All three major parties put in the time and effort to prepare a detailed platform of 80 pages or more. But each also left relatively little time for that platform to be reviewed by the public.

For the most part, we can fully expect each platform to mirror a party's broader election messaging. But in order to see if there's either more or less than meets the eye, I'll take some time today to examine each of the platforms, with a particular focus on:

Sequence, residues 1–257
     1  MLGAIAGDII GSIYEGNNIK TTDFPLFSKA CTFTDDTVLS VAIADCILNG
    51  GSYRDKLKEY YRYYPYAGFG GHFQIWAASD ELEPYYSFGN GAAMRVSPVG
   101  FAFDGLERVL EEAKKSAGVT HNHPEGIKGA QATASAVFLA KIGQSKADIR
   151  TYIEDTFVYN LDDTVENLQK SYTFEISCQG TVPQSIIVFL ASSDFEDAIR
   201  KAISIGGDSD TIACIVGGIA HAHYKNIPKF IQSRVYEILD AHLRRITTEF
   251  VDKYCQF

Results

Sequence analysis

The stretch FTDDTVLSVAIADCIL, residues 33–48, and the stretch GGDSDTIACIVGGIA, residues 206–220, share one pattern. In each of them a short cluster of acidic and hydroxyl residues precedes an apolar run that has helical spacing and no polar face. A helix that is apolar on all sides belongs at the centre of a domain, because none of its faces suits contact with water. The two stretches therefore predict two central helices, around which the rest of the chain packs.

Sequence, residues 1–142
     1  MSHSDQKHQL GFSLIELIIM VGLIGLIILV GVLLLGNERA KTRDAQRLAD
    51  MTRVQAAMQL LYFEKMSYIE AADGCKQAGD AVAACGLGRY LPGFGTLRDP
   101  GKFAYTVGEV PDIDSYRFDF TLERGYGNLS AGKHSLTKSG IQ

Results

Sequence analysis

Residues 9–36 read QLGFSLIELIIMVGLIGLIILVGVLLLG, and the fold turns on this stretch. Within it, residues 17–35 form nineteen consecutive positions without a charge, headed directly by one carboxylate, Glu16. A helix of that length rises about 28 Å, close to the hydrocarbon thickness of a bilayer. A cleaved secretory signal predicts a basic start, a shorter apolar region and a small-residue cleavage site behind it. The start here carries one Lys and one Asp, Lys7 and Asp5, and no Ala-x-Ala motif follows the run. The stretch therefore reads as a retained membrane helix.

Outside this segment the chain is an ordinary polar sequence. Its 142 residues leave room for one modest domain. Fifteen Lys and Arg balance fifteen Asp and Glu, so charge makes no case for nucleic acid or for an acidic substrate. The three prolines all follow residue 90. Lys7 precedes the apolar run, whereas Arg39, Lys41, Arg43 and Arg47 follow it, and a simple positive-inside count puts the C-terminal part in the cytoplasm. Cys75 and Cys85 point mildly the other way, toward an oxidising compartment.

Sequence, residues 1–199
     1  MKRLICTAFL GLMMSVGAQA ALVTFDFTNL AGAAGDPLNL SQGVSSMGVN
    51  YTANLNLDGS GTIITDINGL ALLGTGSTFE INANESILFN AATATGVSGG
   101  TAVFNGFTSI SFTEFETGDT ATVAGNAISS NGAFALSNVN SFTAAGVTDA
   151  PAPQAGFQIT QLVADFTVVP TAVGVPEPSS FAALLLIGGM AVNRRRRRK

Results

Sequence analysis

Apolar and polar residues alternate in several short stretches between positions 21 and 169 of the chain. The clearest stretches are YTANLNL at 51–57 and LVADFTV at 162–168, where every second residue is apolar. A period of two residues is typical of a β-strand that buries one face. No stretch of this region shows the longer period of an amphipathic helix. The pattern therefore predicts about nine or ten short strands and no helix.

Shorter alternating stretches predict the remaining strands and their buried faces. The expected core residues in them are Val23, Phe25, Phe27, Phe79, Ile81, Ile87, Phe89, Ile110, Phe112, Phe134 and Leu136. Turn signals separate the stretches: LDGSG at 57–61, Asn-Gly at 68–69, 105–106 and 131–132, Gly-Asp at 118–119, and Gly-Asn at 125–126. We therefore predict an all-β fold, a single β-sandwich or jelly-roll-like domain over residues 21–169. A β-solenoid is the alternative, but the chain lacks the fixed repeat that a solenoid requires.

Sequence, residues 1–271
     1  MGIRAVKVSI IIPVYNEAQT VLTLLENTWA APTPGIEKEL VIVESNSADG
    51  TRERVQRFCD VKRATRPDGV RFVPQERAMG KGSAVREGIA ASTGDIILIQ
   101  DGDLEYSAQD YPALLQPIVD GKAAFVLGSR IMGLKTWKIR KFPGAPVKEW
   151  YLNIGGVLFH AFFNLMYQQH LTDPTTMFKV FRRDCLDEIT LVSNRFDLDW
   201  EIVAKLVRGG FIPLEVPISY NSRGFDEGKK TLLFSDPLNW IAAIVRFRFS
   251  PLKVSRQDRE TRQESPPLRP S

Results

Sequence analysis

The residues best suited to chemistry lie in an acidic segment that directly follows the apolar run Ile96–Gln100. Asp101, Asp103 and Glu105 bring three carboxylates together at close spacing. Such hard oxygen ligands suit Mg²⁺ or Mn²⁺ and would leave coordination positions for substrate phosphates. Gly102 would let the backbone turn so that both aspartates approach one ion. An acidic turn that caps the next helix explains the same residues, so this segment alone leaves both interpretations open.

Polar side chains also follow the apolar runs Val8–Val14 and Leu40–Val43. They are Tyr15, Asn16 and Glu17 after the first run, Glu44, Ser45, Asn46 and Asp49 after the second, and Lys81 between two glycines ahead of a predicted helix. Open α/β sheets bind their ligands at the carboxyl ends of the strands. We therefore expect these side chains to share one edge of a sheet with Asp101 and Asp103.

• any noteworthy themes or patterns within a platform itself; 
  • anything particularly important that hasn't been the subject of much public discussion;
  • anything that contradicts or conflicts with a party's public messaging; and
  • any glaring omissions from a party's platform.
For those interested in doing the same, the platforms are available in PDF as follows: Conservative - NDP - Liberal. And I'll suggest that even people who have already decided or voted may find them worth a look to see how the parties are looking to portray their planned actions in government.